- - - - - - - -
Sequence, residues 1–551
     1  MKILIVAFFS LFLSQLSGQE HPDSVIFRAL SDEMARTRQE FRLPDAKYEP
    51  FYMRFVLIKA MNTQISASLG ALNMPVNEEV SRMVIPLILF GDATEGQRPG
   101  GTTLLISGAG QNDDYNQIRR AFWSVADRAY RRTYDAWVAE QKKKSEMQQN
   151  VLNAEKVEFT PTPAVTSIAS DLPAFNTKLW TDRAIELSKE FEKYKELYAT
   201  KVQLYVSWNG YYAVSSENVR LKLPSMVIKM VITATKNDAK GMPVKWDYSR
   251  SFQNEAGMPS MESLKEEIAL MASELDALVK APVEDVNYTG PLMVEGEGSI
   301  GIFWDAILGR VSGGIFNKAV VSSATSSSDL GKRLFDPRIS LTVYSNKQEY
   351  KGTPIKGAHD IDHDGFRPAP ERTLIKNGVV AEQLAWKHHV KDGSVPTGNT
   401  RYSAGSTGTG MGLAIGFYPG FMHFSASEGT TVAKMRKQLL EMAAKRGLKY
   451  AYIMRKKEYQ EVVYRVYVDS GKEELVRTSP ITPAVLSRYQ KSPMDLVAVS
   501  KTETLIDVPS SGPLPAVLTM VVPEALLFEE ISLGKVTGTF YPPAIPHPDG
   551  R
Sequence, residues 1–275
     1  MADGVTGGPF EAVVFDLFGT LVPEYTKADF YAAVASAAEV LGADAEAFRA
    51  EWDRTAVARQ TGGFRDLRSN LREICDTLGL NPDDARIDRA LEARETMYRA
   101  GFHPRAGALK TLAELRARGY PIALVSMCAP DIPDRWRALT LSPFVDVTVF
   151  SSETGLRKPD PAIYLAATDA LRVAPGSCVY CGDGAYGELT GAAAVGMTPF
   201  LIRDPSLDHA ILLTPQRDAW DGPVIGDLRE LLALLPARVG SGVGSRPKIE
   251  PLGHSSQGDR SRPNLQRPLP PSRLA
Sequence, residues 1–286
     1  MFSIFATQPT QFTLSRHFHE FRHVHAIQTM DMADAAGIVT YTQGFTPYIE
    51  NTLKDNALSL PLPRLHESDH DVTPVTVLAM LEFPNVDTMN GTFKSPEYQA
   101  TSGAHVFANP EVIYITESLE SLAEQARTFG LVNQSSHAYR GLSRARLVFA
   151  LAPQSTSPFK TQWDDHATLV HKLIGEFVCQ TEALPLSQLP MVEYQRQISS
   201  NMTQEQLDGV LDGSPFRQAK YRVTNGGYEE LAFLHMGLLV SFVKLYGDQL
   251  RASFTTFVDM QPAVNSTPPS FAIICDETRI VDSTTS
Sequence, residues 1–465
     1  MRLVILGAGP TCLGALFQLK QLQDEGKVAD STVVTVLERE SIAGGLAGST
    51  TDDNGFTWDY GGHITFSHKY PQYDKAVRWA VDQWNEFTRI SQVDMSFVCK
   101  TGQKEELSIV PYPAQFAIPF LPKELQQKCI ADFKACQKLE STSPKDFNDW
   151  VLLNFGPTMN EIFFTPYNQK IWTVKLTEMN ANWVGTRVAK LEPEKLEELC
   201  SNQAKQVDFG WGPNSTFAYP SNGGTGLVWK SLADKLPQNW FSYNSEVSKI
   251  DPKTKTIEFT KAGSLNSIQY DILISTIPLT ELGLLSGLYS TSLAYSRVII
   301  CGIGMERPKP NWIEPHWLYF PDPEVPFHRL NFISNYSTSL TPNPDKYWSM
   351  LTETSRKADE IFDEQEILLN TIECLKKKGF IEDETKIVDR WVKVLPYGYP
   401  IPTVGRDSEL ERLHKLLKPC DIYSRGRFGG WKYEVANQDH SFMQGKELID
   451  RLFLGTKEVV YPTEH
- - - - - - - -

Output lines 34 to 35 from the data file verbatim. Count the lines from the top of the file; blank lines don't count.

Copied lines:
   251  DPKTKTIEFT KAGSLNSIQY DILISTIPLT ELGLLSGLYS TSLAYSRVII
   301  CGIGMERPKP NWIEPHWLYF PDPEVPFHRL NFISNYSTSL TPNPDKYWSM